|(05 Sep 2017)
FOIA managers at Immigration and Customs Enforcement do not appear to monitor the processing of FOIA requests on a regular basis to ensure requests move smoothly through their work queues.
Instead, ICE managers allow many requests to stall somewhere in the process until the end of the fiscal year approaches. Only then is there any apparent systematic attempt to ensure that older cases get attention. Then a mad scramble to close out stalled cases occurs.
In 2016, for example, the monthly FOIA closures numbered around 4,500 each month. Then in September they nearly tripled, jumping to 13,205, before returning in October back down to 3,840. This was not a one-time freak occurrence - similar jumps occurred at the end of FY 2014 and 2015.
And the sets of cases closed each September appear very different in composition from those typically processed during the rest of the year. During the first eleven months of FY 2016, for example, FOIA cases closed took on average 10-20 calendar days from receipt to closure. Then in September, the average closure time in that single month jumped to 313 calendar days!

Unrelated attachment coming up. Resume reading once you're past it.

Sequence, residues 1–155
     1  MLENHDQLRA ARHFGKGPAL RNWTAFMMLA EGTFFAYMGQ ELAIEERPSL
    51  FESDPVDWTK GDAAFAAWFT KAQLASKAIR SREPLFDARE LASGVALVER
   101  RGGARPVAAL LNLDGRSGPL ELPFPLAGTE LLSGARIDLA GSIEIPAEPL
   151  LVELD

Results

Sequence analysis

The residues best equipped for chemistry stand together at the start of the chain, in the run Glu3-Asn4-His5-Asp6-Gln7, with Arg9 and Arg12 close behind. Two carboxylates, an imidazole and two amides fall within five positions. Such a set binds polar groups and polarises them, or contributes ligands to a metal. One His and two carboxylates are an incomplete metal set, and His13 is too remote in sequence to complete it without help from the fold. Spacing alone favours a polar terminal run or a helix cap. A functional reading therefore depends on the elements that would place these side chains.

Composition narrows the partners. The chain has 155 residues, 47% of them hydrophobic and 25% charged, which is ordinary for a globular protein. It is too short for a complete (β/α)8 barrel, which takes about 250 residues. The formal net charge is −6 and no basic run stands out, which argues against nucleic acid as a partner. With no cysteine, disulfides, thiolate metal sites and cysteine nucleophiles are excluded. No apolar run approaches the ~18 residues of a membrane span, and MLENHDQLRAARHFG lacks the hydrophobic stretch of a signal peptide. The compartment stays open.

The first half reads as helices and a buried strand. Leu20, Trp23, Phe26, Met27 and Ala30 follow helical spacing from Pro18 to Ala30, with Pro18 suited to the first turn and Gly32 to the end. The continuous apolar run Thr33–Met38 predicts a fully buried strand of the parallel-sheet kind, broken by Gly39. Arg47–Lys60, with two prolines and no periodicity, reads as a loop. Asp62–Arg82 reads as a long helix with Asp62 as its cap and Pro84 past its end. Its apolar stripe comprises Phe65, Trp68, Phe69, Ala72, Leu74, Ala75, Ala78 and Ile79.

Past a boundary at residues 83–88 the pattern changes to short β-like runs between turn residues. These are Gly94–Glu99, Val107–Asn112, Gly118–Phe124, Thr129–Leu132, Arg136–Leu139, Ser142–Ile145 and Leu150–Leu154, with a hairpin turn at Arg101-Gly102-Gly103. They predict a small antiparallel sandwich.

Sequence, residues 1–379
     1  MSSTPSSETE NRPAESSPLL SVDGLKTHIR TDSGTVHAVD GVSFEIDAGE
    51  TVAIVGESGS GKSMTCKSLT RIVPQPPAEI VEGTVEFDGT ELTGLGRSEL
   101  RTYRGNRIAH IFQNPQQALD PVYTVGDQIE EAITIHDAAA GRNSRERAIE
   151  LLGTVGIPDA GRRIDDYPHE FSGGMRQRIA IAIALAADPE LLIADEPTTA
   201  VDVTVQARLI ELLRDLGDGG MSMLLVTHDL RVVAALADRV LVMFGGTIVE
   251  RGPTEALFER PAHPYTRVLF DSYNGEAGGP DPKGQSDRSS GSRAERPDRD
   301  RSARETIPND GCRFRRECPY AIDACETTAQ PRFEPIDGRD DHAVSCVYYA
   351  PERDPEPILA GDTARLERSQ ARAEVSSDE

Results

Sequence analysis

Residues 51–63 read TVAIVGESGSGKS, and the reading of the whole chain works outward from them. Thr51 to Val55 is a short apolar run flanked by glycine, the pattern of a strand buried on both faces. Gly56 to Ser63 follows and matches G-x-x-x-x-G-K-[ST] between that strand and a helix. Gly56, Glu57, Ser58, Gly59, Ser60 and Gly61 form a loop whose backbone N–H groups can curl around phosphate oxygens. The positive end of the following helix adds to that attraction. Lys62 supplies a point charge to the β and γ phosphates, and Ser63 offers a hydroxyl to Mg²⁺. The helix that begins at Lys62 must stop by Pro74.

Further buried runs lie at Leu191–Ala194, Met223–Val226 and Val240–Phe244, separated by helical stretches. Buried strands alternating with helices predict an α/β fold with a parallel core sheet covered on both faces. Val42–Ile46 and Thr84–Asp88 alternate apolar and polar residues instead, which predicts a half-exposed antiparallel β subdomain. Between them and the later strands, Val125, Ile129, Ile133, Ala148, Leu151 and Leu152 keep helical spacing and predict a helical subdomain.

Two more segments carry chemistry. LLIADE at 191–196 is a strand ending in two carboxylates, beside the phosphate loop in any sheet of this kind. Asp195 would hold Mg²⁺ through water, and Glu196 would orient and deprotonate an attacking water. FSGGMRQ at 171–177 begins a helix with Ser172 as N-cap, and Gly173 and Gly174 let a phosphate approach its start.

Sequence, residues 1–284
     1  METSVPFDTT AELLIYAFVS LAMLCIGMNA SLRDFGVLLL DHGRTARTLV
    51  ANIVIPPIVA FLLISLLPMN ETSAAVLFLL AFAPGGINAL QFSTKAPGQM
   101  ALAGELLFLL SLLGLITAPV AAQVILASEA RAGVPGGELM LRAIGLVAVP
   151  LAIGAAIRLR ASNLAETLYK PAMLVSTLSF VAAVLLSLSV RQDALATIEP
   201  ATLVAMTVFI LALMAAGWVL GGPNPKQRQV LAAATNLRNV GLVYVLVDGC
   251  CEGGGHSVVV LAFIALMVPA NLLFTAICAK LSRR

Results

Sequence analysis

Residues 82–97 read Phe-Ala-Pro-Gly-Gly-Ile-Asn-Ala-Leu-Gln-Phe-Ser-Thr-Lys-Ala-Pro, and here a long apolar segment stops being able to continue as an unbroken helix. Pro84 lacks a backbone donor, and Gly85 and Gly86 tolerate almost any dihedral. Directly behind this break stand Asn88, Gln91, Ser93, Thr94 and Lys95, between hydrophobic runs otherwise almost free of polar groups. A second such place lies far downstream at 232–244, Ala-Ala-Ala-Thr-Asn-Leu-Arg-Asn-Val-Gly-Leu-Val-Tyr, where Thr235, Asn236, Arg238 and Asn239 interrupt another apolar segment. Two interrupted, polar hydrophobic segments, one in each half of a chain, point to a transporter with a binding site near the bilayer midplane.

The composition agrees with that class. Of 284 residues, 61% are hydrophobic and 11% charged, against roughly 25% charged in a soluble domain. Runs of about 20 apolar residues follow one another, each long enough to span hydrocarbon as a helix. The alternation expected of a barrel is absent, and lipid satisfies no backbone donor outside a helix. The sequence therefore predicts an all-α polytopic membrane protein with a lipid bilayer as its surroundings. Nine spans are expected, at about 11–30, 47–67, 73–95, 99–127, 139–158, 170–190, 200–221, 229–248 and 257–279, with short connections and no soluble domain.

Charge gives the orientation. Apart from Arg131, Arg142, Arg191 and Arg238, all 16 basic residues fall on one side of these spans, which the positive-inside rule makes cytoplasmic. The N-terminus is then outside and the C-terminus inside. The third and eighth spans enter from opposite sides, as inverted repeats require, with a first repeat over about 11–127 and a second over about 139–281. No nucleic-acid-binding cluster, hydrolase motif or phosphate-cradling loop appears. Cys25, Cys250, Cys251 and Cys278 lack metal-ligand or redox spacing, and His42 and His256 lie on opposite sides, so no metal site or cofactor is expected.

The lack of attention given to ensuring a smooth flow of cases throughout the year is not only undesirable but counter-productive. Answers to some requests are needlessly delayed in violation of timeliness requirements in the law. The quality of some responses that requesters receive surely must also suffer in such an intense push to close cases. And the pressure on FOIA staff to cut corners to speed case closures can hardly make the office a desirable place to work.
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